NEDA Week: The Correlation Between Eating Disorders and the Fear of Aging


It’s once again NEDA Week, and my heart is heavier than normal reading about CHAARG girls’ journeys to overcome eating disorders. It’s so common, yet it’s still such a relevant issue. I’ve come a long way from a year ago when I first started opening up about my battle, but I have learned that this growing trend stems from a larger social issue of self-esteem — aging.

Even more than the diet and weight loss advertisements plaguing media, anti-aging tells both men and women that aging is not good. We are taught that despite living far longer than our ancestors, we are constantly expiring. Once we “peak” in our 20s, maybe even teens, we are downhill from there. Whether gaining weight, losing hair, or developing wrinkles, we try to hide these natural flaws. We are told it’s rude to ask someone’s age. Many anti-aging practices are truly healthy, like wearing sunscreen, limiting sun exposure, and not smoking. But all of the anti-aging creams in the world will not make anyone comfortable in their skin if they’re told they shouldn’t be confident without them (this is forceful marketing, y’all).

Regardless of all the botox in the world, we’re even encouraged to stay “hip” with trends, knowing what the teens are talking about so we’re not left behind in pop culture. It’s not cool to be old.

This is bullshit.

I don’t want to look like I’m 17 forever. I don’t want to look like I’m 23 forever. I don’t want to be one age forever. Isn’t that the fun of life?

I don’t expect my body to be skinny and strong but also fresh-skinned without bags under my eyes. It took me years to accept the stretch marks on my thighs from simply growing tall, and I don’t want to waste that same time accepting my body as it changes over the years. If I choose to have kids one day, my body won’t be the same. Duh. My life will not be the same!

There’s a common assumption that if someone (especially a woman) is fit, well-dressed, and well “put together,” she “has her life together.” The older I get, the more I find this opposite. More often than not, the women that try very hard to impress with their appearances are actually very insecure. They feel like they can’t control other aspects of their lives and happiness, so they instead fixate on controlling their appearance. They may not even seek validation from others, but they have compartmentalized their issues and use their appearance as an escape. The effects of aging are unknown, so people try to control them and avoid the inevitable.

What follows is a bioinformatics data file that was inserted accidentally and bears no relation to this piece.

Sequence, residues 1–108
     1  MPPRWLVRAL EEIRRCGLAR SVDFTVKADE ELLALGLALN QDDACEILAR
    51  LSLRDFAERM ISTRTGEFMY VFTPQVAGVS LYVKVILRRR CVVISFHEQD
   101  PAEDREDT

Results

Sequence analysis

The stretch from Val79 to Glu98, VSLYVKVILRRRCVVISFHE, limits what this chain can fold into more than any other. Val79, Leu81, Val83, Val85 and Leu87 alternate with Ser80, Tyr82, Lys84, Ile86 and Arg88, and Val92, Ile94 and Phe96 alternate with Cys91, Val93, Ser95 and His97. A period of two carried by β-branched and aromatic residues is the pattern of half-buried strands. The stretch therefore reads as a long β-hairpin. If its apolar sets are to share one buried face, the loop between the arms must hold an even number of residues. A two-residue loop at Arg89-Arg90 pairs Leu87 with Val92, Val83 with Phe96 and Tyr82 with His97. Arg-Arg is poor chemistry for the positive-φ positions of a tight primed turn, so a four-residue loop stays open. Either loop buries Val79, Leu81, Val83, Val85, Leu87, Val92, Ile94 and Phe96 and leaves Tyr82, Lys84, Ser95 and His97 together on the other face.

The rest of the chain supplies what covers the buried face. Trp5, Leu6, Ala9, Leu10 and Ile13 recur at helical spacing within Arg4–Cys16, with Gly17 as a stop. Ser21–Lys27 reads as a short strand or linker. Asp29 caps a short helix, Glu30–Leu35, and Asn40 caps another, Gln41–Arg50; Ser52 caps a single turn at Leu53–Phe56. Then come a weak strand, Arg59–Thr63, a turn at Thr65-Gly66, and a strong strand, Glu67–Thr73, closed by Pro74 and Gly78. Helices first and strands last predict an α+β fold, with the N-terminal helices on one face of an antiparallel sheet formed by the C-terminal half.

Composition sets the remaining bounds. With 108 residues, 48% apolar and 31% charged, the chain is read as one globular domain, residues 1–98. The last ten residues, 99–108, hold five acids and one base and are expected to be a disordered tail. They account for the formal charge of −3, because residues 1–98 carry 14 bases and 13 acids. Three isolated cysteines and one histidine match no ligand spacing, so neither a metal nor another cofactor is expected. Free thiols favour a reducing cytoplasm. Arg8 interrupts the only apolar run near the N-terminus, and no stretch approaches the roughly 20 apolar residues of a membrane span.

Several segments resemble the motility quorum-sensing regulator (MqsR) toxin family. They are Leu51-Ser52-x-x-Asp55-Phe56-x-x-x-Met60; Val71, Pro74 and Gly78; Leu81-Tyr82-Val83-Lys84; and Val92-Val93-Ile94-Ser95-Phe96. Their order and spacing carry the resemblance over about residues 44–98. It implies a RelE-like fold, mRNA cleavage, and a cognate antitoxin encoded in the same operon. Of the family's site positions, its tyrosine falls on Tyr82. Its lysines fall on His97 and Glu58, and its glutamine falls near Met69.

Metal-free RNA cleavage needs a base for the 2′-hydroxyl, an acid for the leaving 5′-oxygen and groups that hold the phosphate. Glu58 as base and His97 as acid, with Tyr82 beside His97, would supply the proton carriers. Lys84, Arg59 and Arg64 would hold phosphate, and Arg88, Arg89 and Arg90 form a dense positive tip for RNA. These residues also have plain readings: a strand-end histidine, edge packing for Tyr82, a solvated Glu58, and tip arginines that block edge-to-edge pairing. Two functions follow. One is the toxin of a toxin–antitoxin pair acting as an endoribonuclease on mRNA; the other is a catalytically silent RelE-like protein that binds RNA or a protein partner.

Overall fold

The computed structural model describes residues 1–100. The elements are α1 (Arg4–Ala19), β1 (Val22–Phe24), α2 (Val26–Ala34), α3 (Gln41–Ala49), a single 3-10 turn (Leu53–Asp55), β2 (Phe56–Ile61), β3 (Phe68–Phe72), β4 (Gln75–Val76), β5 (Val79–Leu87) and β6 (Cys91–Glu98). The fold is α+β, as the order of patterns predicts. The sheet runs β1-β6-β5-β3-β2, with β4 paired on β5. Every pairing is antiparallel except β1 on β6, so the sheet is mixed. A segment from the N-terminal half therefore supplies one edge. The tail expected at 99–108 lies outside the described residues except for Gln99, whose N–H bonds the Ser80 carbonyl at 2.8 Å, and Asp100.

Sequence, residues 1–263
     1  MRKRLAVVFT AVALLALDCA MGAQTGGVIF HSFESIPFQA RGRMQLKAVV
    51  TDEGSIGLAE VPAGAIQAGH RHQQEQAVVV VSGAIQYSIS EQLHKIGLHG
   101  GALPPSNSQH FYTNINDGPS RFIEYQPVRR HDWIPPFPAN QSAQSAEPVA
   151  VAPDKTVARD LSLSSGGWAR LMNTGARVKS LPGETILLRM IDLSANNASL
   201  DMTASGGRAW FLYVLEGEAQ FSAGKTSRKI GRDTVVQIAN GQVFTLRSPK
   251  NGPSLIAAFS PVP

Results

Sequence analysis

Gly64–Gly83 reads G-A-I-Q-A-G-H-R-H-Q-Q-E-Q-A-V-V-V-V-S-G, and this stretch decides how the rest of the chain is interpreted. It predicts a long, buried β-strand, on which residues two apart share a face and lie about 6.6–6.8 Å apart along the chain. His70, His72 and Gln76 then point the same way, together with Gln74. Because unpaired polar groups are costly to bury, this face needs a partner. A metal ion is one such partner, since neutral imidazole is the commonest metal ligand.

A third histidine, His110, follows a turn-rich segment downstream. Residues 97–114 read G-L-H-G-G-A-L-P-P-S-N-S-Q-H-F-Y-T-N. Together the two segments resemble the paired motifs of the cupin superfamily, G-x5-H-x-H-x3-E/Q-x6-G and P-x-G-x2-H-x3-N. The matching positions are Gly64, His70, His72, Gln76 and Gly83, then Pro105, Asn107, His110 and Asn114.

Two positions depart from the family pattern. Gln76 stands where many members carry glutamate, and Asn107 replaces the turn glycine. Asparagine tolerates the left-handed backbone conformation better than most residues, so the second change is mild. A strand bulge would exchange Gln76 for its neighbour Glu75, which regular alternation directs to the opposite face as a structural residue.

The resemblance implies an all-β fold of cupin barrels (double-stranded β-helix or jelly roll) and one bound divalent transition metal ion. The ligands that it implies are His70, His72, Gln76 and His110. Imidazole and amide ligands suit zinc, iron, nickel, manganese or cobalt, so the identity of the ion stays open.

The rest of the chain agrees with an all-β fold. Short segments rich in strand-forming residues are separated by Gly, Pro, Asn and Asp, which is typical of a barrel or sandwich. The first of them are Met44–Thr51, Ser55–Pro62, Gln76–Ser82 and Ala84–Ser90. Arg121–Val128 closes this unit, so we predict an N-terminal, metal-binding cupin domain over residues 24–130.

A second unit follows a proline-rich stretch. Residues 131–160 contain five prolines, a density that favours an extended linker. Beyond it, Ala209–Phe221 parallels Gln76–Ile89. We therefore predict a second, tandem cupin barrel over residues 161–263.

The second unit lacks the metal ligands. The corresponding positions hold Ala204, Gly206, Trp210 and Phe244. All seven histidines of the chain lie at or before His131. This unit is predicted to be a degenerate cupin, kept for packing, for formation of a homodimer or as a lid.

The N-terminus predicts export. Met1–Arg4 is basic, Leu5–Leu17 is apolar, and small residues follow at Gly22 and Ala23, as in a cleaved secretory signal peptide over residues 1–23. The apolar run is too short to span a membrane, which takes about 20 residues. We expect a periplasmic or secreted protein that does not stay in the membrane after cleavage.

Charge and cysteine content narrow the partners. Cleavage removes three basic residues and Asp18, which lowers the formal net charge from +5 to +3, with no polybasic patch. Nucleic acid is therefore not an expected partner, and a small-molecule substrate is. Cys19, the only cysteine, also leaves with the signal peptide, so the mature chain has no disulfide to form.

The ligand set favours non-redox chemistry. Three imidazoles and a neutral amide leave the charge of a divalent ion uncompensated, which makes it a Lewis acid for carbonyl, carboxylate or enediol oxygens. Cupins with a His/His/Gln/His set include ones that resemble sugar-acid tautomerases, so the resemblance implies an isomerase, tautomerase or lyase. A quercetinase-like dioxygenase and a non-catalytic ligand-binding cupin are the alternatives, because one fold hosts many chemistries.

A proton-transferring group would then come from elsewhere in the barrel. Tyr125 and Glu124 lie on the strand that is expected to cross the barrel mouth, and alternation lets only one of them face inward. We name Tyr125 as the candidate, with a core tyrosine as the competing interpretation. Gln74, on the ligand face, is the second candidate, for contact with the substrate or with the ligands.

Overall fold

When you remove appearance from the equation, consider the other effects of aging. Reflect on who you were at 17, who you are now, and who you will be in 10, 20, 50 years.

Honestly, I’ve always been terrified of teenagers, even when I was one. They are vicious fucking creatures and they are SO MEAN. I would never ever want to be 17 again. Hell. No.

Anyway. Even if you feel you “peaked” in high school, how oblivious were you? You may have been blissfully unaware of how harsh the world is, but were you blissfully unaware of all the wonderful things to come in life?

How you would learn to love your parents and your siblings? The lessons you learned in college — outside of the classroom? The amazing memories with your friends during crazy nights out or crazy nights in (with legal alcohol, of course)? The children in your life — whether nieces/nephews, children, or students? The thrill of your career and developing your passions in life? The ways you’ve been able to give back to your community and the world? The bags under your eyes from fearlessly following your dreams? The scars from the heartbreaks? The tears from losing a loved one? The laugh lines from hilarious friends?

Would you really trade all of the feelings and memories in your life — the highs and the lows — just to be young and look a certain way?

Your weight is going to fluctuate. Your schedule is going to fluctuate. The people in your life are going to fluctuate. The quality of your skin and sleep is going to fluctuate. You will fluctuate. You are a dynamic, changing creature, embracing each lesson and mistake as an opportunity for growth.

I am a firm believer that everything that happens in life can be a good story. Make your story worthwhile, and forget about your appearance. You are not expiring. You are not taking up space. You are you, and you are loved. Continue making each day the best day yet.


++ Mary K

4 thoughts on “NEDA Week: The Correlation Between Eating Disorders and the Fear of Aging”

  1. You are such an inspiration to me in talking about my battle with an eating disorder, and I absolutely love this article! This speaks to me in so many ways and is so true that we should not fixate on appearance, but rather, we want to remember our experiences, the people we love, etc. Love this!


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